One of the lowest cost options for a wedding is to have a very basic register office wedding, this will cost just under £100. It will make it all legal but not offer much opportunity to customise your day. It will save some pennies to spend on the honeymoon or reception. You could then have a blessing ceremony in a more extravagant venue (having said that some of the register offices are fairly grand buildings in themselves).
Some very grand buildings are in local authority or government ownership and it might surprise you what you can afford for your blessing or for the Ceremony itself.
We married in Brighton’s Royal Pavilion and thought that the cost of the room hire (£650 for a Saturday for an hour) was reasonable for such an amazing setting. The Pavilion belongs to the council which also owns other impressive buildings which can be used for weddings. It seats 44 people.
Northampton Guildhall is a glorious public building and hosts weddings from just £160
How about a castle?
Castell Coch near Cardiff offers Gothic splendour for a wedding ceremony, it looks a fairytale castle from the outside and is elaborately decorated within. It is around £600 for 90 minutes hire on a Saturday but only allows 30 guests.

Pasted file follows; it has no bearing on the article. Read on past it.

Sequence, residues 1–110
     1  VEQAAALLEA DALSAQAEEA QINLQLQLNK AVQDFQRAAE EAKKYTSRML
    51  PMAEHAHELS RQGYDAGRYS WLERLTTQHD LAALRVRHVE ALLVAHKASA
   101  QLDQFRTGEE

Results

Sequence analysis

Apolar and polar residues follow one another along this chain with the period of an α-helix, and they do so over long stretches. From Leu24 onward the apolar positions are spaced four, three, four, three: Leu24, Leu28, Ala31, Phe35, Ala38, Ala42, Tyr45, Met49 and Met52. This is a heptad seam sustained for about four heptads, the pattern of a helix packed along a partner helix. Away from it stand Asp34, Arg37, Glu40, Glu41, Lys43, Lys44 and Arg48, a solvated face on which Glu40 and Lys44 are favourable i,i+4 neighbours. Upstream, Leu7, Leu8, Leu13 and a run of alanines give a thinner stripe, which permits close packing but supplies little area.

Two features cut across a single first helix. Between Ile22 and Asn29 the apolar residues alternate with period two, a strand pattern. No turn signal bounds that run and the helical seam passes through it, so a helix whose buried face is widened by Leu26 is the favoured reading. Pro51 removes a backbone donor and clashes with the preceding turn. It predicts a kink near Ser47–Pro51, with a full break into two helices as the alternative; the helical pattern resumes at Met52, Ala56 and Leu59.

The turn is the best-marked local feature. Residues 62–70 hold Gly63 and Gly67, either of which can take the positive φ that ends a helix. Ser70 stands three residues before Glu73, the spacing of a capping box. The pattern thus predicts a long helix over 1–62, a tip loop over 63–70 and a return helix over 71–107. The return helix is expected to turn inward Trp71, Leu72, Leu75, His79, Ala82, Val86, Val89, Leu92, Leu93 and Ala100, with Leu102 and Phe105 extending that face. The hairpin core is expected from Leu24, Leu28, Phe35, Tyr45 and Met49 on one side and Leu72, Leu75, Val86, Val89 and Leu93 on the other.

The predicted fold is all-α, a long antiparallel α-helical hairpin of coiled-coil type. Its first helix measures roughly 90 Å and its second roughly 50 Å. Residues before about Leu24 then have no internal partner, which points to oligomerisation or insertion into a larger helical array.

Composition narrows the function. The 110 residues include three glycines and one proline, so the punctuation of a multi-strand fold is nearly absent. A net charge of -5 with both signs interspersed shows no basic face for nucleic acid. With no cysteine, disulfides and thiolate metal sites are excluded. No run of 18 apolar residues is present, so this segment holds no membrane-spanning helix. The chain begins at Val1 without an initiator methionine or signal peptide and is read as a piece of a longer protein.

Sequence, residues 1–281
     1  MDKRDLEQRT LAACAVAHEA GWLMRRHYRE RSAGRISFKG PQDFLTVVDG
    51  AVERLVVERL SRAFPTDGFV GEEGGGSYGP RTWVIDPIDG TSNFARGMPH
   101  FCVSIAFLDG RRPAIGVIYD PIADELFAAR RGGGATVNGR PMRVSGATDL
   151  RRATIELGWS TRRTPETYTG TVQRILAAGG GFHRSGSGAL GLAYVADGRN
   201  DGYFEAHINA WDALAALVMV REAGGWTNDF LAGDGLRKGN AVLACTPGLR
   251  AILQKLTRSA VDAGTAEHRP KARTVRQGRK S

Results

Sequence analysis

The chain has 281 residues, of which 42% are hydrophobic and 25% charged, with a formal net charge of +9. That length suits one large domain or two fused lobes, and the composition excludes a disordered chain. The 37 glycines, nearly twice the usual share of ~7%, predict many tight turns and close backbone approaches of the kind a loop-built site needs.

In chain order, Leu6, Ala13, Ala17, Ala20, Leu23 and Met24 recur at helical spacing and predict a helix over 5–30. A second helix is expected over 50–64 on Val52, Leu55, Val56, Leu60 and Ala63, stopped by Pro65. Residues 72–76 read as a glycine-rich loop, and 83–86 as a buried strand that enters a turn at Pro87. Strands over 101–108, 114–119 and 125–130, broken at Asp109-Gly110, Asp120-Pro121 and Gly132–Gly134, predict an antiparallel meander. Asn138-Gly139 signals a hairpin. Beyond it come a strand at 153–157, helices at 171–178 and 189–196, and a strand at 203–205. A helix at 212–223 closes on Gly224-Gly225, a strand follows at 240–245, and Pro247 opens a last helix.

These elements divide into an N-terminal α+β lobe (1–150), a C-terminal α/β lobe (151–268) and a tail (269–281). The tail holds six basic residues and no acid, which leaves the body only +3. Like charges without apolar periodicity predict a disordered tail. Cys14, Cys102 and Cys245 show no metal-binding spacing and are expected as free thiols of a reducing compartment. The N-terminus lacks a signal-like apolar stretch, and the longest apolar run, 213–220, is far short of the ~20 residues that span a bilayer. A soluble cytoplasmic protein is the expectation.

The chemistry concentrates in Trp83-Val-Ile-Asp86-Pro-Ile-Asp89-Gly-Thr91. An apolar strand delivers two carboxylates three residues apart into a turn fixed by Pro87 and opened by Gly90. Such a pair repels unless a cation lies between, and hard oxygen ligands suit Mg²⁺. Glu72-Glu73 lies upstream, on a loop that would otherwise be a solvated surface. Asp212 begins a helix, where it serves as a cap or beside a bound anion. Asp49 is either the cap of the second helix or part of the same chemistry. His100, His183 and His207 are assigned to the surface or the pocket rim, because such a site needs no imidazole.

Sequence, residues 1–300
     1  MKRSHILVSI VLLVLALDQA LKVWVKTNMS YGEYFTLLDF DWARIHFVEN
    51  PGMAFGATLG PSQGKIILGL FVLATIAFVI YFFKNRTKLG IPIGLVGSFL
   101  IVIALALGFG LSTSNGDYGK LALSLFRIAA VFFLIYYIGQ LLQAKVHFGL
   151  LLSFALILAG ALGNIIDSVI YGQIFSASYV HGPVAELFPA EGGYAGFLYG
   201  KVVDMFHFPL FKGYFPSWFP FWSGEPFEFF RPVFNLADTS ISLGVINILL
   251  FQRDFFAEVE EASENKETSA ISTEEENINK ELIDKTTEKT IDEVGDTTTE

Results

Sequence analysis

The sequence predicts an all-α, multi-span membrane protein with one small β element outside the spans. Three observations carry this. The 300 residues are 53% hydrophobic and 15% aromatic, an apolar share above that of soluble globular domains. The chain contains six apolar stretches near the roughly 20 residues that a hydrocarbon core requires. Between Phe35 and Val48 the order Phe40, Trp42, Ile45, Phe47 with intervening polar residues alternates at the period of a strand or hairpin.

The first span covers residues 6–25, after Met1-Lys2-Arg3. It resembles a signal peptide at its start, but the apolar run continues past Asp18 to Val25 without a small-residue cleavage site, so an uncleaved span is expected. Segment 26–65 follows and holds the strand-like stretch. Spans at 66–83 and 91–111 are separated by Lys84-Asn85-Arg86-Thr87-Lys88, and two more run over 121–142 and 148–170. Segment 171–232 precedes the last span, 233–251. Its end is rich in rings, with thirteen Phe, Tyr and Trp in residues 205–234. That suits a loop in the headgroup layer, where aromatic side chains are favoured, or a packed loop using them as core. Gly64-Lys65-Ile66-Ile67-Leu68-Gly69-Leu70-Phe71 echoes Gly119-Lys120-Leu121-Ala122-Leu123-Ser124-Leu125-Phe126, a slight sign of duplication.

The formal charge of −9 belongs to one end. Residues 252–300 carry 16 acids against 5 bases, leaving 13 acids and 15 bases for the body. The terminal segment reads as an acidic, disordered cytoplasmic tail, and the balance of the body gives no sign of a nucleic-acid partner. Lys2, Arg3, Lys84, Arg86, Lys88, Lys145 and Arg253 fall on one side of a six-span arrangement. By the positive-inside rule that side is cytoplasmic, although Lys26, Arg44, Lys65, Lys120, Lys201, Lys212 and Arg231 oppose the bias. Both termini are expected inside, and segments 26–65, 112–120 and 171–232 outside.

In Rutland there is Oakham castle
You will pay around £500 for a Saturday wedding in this intimate setting In the heart of Rutland which was built in Norman times.
Or a museum?
Southchurch Hall near Southend is a timbered medieval manor house in a beautiful setting which can seat up to 40 guests. It will cost around £500 to hire.
Reading museum is available for hire and consists of various size venues to accommodate smaller and up to very large parties.
If you have money to spare, you could always hire the natural history museum and be married in the presence of a dinosaur. This is likely to cost nearly £20,000 though, so you might want to save for a little while yet.
The prices above do not usually include the fee for the registrar so you will have to budget around another £400 or so for this. Why not contact your local council to see what they offer?